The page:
The system works

Peer review, that is.

Remember BICEP2?

They announced a detection of B-mode microwave background polarization, which would be strong evidence that inflation happened in the early universe, but some people expressed doubt about whether they’d adequately eliminated the possibility that what they were seeing was contamination due to more nearby sources of radiation, particularly Galactic dust. (Some other very eminent people then said silly things.)

All of this occurred before the paper describing the results had undergone peer review. The paper has now been accepted for publication in the prestigious journal Physical Review Letters, with significant changes. As of now, the arxiv still has the original version, so it’s easy to compare it with the published version.

The authors have removed all discussion of one of the dust models that they used to argue against the possibility of dust contamination. This is the notorious “DDM2” model, which was based in part on data gleaned from a slide shown in a talk. A footnote explains the removal of this model, saying in part that “we have concluded the information used for the DDM2 model has unquantifiable uncertainty.”

Although the concerns about the DDM2 model got the most attention, people raised a number of concerns about the preprint’s discussion of dust contamination. Presumably the referees agreed, because the published paper is much more cautious in its claims. For instance, take a look at the end of the preprint,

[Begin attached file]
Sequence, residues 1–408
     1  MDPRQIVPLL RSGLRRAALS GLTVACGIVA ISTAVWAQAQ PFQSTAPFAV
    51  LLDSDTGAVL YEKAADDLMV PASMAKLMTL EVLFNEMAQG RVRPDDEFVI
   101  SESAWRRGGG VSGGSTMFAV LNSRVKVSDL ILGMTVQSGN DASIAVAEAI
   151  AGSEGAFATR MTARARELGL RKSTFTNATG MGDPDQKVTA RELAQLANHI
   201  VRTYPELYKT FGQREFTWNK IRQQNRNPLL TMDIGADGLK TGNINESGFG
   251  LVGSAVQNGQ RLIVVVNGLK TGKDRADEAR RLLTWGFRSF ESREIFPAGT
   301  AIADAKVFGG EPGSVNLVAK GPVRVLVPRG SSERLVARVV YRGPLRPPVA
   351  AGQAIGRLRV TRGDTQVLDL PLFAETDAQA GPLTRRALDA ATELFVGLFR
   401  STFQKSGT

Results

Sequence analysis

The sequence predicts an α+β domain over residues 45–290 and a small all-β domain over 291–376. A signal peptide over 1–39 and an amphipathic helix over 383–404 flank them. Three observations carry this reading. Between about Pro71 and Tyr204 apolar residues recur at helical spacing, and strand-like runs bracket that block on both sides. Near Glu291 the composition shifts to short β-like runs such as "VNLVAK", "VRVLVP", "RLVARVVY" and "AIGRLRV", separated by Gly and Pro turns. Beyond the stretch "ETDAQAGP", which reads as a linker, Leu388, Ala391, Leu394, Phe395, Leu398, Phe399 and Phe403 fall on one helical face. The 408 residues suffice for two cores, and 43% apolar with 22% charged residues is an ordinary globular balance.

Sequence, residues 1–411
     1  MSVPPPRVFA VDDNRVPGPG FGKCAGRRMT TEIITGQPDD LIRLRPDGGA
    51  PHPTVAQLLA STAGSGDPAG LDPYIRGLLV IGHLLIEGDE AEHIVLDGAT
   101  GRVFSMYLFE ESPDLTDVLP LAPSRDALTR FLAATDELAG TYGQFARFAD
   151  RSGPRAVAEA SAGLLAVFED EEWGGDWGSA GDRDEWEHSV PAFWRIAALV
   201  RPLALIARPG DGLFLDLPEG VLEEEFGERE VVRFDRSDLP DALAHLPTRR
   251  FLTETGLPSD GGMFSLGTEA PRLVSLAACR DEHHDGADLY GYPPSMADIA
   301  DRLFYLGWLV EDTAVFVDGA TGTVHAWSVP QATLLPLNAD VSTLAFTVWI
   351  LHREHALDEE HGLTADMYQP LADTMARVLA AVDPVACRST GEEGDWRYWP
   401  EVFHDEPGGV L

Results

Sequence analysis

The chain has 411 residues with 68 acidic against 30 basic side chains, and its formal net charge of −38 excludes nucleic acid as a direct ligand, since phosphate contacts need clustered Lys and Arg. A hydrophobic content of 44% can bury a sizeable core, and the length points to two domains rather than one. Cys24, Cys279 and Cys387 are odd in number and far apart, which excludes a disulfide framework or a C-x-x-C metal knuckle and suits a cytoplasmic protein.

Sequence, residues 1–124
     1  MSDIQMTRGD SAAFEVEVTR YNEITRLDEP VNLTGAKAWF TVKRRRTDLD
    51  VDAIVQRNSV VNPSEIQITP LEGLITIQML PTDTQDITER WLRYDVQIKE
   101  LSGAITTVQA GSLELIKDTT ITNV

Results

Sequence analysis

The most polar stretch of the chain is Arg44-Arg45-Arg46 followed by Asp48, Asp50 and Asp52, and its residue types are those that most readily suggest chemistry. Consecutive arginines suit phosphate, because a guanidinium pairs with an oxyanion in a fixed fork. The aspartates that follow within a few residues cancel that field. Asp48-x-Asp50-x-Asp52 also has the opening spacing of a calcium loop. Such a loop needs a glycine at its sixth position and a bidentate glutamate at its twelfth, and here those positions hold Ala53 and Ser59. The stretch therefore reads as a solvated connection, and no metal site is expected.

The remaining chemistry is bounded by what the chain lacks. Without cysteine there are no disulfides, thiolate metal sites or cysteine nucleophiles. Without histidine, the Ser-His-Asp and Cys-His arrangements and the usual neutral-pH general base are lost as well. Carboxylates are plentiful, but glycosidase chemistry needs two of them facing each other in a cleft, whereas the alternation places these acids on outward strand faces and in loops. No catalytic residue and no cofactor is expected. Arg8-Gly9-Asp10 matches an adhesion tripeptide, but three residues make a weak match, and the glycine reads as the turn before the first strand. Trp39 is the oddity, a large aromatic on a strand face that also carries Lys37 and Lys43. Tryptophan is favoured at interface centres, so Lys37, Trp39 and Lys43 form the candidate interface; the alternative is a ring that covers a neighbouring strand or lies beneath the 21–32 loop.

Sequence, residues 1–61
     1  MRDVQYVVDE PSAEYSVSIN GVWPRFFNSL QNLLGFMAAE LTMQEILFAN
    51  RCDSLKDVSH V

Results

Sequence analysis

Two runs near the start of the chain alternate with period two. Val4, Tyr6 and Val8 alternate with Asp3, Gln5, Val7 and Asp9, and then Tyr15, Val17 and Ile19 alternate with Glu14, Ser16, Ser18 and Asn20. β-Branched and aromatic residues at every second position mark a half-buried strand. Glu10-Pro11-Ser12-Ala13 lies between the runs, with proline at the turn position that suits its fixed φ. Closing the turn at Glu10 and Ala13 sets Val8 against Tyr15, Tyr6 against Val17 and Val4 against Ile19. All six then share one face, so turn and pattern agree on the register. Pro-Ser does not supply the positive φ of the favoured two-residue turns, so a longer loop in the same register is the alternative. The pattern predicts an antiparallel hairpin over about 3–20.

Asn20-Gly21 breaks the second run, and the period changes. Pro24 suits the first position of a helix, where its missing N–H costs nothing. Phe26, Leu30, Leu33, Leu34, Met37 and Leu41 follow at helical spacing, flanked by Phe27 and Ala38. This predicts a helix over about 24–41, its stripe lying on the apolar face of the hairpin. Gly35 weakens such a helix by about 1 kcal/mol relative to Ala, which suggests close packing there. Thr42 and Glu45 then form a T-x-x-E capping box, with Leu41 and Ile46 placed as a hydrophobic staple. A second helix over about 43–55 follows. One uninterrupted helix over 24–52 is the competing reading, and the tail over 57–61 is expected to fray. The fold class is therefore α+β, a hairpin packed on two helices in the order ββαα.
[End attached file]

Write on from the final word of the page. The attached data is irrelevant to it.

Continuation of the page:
The long search for tensor B-modes is appar- ently over, and a new era of B-mode cosmology has begun.

and compare it with the published version,

We have pushed into a new regime of sensitivity, and the high-confidence detection of B-mode polarization at degree angular scales brings us to an exciting juncture. If the origin is in tensors, as favored by the evidence presented above, it heralds a new era of B-mode cosmology. However, if these B modes represent evidence of a high-dust foreground, it reveals the scale of the challenges that lie ahead.

This is a case in which peer review clearly improved the quality of the paper: the second version is much more accurate than the first.

Other than the removal of the DDM2 model, I don’t think that the actual results have changed; the difference is all in the description of their significance. This is exactly as it should be. Even those of us who harbor doubts about the interpretation generally agree that this is a very important and exciting data set. The researchers deserve high praise for performing an experimental tour de force.

Some people say that the BICEP team shouldn’t have released their results at all until after peer review. I think that this objection is wrongheaded. There’s no way of knowing, but I bet that the official referees were able to give a much better critique of the paper because lots of other experts had been examining and commenting on it.